What is hard is making code that accepts different and sometimes unexpected types of input and still works.
This is what truly takes a large amount of effort on a developer's part.

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2020-03-26 00:07:54 (edited by amerikranian 2020-03-26 00:11:24)

Edit:
Kill me now. No, seriously.
So, guys, here's what not to do, LOL

import lucia
lucia.show_window("Test")
lucia.initialize()

The show_window function should probably complain that lucia was not initialized. That would have saved me so, so much trouble.

Coding is not hard. No, not at all.
What is hard is making code that accepts different and sometimes unexpected types of input and still works.
This is what truly takes a large amount of effort on a developer's part.

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2020-03-26 11:53:06

Yeah. You need to initialize lucia before you do *anything* with it.

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2020-04-05 20:14:29

Does somebody know how to add reverb to the sound currently playing? For example city reverb or sth.

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2020-04-05 23:06:52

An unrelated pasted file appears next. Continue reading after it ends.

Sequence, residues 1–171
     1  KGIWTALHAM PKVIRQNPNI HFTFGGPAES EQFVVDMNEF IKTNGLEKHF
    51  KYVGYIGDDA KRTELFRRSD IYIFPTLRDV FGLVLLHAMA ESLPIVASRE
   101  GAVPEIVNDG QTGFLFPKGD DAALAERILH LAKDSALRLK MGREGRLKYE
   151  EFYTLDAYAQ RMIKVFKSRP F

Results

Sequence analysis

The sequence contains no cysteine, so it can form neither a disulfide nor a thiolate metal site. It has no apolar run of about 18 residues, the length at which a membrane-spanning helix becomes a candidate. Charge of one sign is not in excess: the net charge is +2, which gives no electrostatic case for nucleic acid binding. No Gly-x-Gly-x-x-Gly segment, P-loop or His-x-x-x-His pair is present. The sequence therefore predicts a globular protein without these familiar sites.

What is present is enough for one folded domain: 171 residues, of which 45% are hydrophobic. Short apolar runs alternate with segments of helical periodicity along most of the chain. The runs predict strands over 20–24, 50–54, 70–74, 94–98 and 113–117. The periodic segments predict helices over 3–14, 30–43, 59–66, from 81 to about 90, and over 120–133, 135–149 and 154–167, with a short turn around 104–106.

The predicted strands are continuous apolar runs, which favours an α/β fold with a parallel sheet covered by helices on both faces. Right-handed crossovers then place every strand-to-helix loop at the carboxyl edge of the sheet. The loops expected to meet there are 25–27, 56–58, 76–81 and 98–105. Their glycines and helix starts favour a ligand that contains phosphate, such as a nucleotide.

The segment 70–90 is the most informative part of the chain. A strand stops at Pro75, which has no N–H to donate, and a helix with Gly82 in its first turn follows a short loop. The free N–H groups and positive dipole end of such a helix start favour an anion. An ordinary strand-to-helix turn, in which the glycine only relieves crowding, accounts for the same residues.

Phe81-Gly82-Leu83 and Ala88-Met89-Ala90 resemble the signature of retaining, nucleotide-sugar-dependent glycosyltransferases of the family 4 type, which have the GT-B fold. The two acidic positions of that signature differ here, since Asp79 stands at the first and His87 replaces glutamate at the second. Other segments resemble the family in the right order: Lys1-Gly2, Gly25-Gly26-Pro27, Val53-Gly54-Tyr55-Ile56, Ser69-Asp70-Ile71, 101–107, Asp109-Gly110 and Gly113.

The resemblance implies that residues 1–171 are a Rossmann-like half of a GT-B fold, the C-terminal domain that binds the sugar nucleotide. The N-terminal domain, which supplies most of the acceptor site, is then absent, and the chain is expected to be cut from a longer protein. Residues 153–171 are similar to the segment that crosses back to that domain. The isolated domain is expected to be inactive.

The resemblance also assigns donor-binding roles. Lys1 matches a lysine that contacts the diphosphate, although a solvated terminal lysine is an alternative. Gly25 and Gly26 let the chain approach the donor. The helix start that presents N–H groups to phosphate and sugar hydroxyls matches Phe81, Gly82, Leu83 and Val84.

Unless I’m significantly behind on what Lucia can do, you cannot, at least using base.

Coding is not hard. No, not at all.
What is hard is making code that accepts different and sometimes unexpected types of input and still works.
This is what truly takes a large amount of effort on a developer's part.

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2020-04-06 09:52:10 (edited by kianoosh 2020-04-06 09:53:08)

No. You actually can apply effects on sounds using base. But i'm not sure how to do it I'm just aware of the possibility
You can't do it with lucia though you need to use sound_lib directly

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2020-04-06 12:29:19

If something like that is wanted, i'd recommend to think about allowing developers to build such functionalities into the backend code.

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2020-04-06 16:06:51

hi,,
we might consider that as well.

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2020-04-07 18:54:58

hi developers of lucia, please provide documentation more understandable anad small example in each function like in bgt documentation.
this frame work is better than bgt for me, butif you add more understandable documentation wood bee really cool.
hope you do it.
thankyou.

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2020-04-07 19:11:21

Please look at post 189 in this topic. You will find a link to some examples showing off the basic functionality there.

Coding is not hard. No, not at all.
What is hard is making code that accepts different and sometimes unexpected types of input and still works.